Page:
Lönnstedt IM, Nelander S
Stat Appl Genet Mol Biol 16 (4) 217-242 [2017-09-26; online 2017-09-02]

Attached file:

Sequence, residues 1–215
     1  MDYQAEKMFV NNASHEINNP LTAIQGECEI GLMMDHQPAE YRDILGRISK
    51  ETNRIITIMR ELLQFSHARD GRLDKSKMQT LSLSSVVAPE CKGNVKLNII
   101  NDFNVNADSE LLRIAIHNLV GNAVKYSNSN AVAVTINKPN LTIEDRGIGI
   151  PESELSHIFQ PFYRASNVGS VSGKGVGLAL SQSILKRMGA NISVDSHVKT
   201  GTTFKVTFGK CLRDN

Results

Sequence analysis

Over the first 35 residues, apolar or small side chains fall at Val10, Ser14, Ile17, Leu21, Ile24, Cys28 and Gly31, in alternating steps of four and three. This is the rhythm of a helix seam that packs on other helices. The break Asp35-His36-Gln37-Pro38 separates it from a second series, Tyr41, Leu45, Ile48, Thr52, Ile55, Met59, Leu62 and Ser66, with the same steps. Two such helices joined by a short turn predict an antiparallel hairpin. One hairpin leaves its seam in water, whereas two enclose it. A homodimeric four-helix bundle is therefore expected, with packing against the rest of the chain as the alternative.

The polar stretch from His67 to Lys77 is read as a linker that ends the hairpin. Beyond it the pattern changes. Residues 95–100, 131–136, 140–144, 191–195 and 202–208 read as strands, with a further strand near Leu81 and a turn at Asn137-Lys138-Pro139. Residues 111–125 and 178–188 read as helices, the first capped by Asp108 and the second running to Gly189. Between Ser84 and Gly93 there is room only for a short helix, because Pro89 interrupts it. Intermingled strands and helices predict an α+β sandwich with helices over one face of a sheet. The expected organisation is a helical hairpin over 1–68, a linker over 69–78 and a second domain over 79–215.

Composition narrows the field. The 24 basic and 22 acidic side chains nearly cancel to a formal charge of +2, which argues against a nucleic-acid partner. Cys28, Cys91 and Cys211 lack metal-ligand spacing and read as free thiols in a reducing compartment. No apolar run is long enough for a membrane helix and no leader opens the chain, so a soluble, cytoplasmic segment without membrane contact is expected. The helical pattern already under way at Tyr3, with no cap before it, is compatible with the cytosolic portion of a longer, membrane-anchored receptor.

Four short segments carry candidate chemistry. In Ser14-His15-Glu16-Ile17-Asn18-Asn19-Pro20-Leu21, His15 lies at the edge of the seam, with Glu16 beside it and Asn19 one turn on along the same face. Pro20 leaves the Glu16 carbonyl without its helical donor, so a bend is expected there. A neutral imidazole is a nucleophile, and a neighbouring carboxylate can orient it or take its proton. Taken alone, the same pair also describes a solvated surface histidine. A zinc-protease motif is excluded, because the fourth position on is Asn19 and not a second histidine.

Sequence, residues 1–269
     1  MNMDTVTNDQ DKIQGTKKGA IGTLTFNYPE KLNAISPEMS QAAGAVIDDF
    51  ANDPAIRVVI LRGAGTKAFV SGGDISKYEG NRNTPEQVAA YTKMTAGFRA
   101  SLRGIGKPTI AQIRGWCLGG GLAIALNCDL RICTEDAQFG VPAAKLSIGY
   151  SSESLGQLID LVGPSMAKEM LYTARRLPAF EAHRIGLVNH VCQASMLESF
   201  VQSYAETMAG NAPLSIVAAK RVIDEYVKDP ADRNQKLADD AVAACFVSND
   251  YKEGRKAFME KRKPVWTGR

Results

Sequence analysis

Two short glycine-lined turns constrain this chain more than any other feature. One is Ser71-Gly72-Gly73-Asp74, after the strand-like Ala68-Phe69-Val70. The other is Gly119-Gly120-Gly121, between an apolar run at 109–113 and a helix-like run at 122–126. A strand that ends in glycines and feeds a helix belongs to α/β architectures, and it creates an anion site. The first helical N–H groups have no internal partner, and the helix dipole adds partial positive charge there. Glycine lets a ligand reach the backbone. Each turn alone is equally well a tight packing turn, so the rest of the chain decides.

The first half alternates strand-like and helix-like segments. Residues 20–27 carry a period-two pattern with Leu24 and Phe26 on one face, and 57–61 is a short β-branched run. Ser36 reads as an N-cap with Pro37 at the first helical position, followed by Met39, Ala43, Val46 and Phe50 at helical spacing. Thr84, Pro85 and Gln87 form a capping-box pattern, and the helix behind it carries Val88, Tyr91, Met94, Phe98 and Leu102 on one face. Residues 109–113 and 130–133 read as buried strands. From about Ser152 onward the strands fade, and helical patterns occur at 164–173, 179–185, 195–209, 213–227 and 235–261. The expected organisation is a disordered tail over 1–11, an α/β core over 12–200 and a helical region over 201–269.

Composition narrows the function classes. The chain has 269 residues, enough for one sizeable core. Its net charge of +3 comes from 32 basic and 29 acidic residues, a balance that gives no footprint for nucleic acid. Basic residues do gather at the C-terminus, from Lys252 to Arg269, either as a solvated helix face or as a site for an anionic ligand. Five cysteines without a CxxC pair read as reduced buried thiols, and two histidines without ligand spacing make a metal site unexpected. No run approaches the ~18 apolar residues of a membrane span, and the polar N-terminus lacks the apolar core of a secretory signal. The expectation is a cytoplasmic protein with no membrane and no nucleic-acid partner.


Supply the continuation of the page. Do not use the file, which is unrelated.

The systematic study of transcriptional responses to genetic and chemical perturbations in human cells is still in its early stages. The largest available dataset to date is the newly released L1000 compendium. With its 1.3 million gene expression profiles of treated human cells it offers many opportunities for biomedical data mining, but also data normalization challenges of new dimensions. We developed a novel and practical approach to obtain accurate estimates of fold change response profiles from L1000, based on the RUV (Remove Unwanted Variation) statistical framework. Extending RUV to a big data setting, we propose an estimation procedure, in which an underlying RUV model is tuned by feedback through dataset specific statistical measures, reflecting p-value distributions and internal gene knockdown controls. Applying these metrics - termed evaluation endpoints - to disjoint data splits and integrating the results to select an optimal normalization, the procedure reduces bias and noise in the L1000 data, which in turn broadens the potential of this resource for pharmacological and functional genomic analyses. Our pipeline and normalization results are distributed as an R package (nelanderlab.org/FC1000.html).